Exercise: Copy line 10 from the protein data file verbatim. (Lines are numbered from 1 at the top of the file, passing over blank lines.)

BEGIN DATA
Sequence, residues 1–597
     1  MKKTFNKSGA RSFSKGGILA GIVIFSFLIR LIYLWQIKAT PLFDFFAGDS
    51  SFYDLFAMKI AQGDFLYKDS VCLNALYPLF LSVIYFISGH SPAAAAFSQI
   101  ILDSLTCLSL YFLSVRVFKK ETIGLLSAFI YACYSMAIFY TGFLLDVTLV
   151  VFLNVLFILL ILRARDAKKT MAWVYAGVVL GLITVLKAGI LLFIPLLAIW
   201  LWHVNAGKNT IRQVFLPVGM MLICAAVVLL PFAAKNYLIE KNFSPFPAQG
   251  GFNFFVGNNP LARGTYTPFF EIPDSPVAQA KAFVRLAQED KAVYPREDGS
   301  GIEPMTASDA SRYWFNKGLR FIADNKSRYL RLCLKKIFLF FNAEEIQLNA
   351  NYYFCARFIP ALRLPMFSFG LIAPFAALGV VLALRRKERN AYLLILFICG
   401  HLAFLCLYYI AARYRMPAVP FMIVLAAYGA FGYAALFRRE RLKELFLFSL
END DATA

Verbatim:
   401  HLAFLCLYYI AARYRMPAVP FMIVLAAYGA FGYAALFRRE RLKELFLFSL